How Much Do You Owe Government Workers?

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Thanks to promises made over the years by the St. Paul school board, taxpayers in the Minnesota city owe teachers and other education workers some $409 million in retirement health benefits that the district hasn't funded. So the school system has taken advantage of a new state law that allows local governments to levy a special property tax to help finance these benefits. This year, the district anticipates collecting an additional $12.8 million from property owners thanks to this new, so-called "other post-employment benefits" levy, according to the St. Paul Pioneer Press.

The St. Paul school district is one of the few government entities I've found so far that charges a specific new tax to help pay off the staggering cost of retiree benefits. Most places are still dealing with their growing liabilities out of precious general revenues. But more such dedicated taxes are likely on the way.

The tab that state and local governments have accumulated in unfunded retiree benefits now amounts to several trillion dollars. In the last few years much of the debate about these obligations has focused on whether they would generate a wave of local government bankruptcies, thanks to a controversial prediction by celebrity analyst Meredith Whitney.

But while some people have been waiting for a government insolvency tsunami, the cost of retiree benefits to annual budgets has been soaring, crowding out other spending and gobbling up increases in general tax collections. Slowly taxpayer groups and other fiscal watchdogs have started adding up how much citizens may owe their local government workforce and how much they may have to pay in additional taxes as a result. If you live in St. Paul, the exercise isn't theoretical anymore. That may be the case in lots of other places soon.

The crowding up and gobbling up is already here. New York City's pension costs have increased during Mayor Bloomberg's tenure from about $1.5 billion annually to $8.5 billion. The city's also putting aside $1.6 billion this year for retiree health care, though it probably should be investing more. I've estimated that those rapidly increasing retiree costs have soaked up more than one-third of additional taxes the city is collecting these days compared to when Bloomberg took office.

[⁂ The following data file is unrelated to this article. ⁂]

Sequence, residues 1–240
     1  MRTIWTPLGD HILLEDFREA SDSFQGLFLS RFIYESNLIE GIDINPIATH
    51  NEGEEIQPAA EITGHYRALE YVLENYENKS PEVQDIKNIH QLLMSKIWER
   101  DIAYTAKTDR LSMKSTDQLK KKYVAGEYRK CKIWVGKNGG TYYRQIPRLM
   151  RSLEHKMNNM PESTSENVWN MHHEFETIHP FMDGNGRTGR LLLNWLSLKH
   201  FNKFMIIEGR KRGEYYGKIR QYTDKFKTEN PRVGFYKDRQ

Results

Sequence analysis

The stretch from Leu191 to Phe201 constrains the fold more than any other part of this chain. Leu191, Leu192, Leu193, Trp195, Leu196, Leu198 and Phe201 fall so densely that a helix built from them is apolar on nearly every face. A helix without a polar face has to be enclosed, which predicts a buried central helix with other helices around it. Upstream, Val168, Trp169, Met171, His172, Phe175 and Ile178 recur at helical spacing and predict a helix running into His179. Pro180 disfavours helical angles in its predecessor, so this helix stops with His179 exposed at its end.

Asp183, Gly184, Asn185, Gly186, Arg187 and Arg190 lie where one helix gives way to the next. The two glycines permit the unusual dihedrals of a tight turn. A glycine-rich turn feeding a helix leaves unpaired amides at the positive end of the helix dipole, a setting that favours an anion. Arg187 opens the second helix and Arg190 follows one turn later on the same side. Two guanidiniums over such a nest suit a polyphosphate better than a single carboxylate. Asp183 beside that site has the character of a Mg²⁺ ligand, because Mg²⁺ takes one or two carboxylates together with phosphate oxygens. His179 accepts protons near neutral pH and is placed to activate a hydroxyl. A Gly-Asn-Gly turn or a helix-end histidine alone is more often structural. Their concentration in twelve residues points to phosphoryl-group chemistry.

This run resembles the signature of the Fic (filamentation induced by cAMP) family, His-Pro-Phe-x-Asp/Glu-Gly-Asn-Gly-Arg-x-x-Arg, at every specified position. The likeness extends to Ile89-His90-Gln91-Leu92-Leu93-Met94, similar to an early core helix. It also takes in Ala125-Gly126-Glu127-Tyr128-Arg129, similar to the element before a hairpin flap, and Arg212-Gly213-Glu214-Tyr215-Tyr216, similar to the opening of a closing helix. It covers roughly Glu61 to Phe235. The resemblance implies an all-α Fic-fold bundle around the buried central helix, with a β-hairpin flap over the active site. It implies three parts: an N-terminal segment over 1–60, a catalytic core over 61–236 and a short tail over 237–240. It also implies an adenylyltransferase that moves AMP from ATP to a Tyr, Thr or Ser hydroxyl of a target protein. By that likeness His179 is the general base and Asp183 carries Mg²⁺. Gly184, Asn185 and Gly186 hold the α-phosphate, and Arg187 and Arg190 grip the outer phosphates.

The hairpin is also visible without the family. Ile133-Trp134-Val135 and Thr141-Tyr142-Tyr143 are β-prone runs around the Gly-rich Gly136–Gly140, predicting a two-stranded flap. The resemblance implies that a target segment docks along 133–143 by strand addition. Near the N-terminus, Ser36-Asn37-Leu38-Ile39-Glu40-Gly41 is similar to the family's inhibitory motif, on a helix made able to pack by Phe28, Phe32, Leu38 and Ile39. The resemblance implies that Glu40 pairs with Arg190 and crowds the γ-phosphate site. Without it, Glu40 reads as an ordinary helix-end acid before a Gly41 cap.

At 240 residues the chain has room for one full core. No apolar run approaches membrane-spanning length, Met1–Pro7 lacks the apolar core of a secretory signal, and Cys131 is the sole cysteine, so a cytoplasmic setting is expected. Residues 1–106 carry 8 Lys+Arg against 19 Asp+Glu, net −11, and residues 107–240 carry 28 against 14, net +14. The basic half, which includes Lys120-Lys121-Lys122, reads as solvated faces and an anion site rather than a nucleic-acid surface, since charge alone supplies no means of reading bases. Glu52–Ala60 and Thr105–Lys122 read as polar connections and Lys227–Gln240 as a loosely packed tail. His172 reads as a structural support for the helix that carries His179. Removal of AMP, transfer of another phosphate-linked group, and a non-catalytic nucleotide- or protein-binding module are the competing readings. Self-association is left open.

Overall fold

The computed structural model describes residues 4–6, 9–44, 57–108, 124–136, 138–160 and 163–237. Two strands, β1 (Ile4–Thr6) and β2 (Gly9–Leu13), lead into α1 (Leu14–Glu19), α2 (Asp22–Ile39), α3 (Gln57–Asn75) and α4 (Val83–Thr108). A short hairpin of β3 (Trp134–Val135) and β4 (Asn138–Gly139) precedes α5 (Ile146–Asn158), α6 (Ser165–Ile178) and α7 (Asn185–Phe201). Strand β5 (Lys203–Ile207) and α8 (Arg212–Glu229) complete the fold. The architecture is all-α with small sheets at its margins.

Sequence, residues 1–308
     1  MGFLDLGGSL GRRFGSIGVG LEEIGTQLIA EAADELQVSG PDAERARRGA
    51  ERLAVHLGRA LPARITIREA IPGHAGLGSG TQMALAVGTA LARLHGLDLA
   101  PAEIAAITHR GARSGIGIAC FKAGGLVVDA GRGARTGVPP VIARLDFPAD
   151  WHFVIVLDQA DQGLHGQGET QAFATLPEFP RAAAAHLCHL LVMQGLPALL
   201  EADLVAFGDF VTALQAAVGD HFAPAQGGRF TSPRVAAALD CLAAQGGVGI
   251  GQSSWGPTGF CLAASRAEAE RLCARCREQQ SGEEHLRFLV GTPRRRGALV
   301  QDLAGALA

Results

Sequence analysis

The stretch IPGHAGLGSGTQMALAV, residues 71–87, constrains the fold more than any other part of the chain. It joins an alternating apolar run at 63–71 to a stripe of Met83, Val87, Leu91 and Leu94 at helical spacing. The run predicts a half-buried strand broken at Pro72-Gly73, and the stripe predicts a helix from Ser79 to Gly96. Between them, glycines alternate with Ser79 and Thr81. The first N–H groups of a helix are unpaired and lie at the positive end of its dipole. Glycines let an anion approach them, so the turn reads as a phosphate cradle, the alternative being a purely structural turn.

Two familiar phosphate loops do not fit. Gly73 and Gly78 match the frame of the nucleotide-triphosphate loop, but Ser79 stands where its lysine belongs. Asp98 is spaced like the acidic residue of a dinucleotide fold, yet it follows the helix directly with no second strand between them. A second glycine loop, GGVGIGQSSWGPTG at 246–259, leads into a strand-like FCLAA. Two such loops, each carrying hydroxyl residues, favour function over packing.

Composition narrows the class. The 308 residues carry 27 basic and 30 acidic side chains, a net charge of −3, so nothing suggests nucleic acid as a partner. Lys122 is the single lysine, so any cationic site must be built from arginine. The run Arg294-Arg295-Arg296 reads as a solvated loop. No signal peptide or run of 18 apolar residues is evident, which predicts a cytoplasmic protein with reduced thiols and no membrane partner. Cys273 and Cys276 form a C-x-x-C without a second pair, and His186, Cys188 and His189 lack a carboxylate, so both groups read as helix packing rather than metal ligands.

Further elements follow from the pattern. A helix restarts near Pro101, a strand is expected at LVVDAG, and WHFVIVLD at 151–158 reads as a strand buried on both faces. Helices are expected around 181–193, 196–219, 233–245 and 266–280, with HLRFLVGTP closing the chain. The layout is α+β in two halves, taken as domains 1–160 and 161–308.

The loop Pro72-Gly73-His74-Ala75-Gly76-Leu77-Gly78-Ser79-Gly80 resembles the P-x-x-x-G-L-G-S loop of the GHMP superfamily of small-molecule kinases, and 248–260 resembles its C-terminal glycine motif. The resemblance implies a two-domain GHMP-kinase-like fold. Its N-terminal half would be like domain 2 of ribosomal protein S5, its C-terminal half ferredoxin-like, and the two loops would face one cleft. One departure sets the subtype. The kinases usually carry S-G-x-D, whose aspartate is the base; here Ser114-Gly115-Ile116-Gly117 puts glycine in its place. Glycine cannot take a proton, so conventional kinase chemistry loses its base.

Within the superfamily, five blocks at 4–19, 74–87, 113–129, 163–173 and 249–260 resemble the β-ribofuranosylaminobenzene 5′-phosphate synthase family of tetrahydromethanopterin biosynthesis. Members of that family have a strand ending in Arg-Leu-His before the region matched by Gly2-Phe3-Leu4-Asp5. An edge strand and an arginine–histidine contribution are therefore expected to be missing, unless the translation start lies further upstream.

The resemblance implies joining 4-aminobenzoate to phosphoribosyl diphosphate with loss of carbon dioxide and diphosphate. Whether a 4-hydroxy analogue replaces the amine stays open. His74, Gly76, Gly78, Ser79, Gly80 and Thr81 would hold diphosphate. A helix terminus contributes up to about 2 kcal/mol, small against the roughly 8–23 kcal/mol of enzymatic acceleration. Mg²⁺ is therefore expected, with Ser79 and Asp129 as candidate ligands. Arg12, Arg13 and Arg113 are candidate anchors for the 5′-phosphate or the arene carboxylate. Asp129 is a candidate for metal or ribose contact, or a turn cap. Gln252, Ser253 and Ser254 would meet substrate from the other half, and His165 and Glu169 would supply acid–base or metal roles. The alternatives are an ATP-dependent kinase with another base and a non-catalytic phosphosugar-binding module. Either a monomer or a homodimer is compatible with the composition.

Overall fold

Without reform, you can't raise taxes fast enough to pay off these retirement liabilities in some places. David Crane, a California Democrat who advised former Governor Arnold Schwarzenegger on pensions, recently argued that much of the boost in revenues that would result from voter approval of Gov. Jerry Brown's proposed 2012 tax increase referendum would go to pensions. That's because CalSTERS, the California teachers' pension fund, is so seriously underfunded it needs to nearly double the contributions it receives from school districts to almost $10 billion annually to keep the fund on the path to solvency. Schools would get some $3.5 billion of new tax revenues if voters approve the November initiative, but those new funds would immediately be gobbled up by the higher pension costs.

Illinois residents know what it's like to see tax revenues get sucked into an expensive and underfunded pension system. The state boosted taxes by $7 billion last year and promised to use the money to pay down its backlog of bills. But legislators did nothing substantial to slow the growth of the state's retiree costs. Since 2003 the state has largely used borrowed money, not tax revenue, to make required contributions into its pension funds because the cost of benefits was so high. But this year, under pressure not to keep borrowing, the state must ante up tax money, to the tune of $4.1 billion, to make its pension contribution, plus find another $1.6 billion in interest costs on past pension borrowings. Meanwhile, the backlog of unpaid bills grows bigger.

Taxpayer groups are totaling up the potential damage. Last year the Massachusetts Taxpayer Foundation estimated the total unfunded pension and retiree benefit bill for 50 of the state's biggest communities. Boston, the group discovered, owed $7.5 billion. To pay that off in 30 years with property taxes would require a 118 percent increase in the local levy. Total cost to the average Boston homeowner: $97,825 over 30 years. Even that was nothing compared to the potential tab in the town of Lawrence: a 255 percent tax increase, or $181,604 over 30 years for the average homeowner to pay off the town's promises to workers.

In Chicago, the Civic Federation estimates, the average resident owes nearly $15,000 as a share of the city's share of municipal, county and state pension obligations. Last year the city's former chief financial officer estimated that just adequately funding the municipal pension debt over 25 years could raise property taxes by 50 percent.

If you consider this all speculative and doubt it could happen, think of St. Paul, or of Oakland. Property owners in the California city have been paying a surcharge on taxes for decades to finance a pension system that went bust in the 1970s. The average homeowner today pays $419 in additional taxes to help wind down the system, according to the Oakland Tribune.

For decades residents seeking a place to settle down considered taxes, quality of life and quality of government institutions like schools when they made their choices But today with governments facing immense debt from retirement benefits that have already been earned but not paid for, the new yardstick for where to situate yourself may include asking a local real estate agent, "Just how much would I owe your government workers?"



Steven Malanga is an editor for RealClearMarkets and a senior fellow at the Manhattan Institute

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